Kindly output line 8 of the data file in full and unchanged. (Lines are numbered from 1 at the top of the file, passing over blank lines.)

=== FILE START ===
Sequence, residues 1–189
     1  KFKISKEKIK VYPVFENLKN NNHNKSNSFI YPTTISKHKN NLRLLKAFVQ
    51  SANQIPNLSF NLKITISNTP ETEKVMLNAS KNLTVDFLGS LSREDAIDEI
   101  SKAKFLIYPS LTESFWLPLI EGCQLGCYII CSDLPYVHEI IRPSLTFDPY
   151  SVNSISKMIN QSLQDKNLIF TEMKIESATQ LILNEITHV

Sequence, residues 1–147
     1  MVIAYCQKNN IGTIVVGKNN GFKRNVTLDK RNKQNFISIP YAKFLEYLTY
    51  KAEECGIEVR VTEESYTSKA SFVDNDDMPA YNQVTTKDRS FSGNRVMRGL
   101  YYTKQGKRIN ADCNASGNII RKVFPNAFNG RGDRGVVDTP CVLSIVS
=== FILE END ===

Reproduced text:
    51  KAEECGIEVR VTEESYTSKA SFVDNDDMPA YNQVTTKDRS FSGNRVMRGL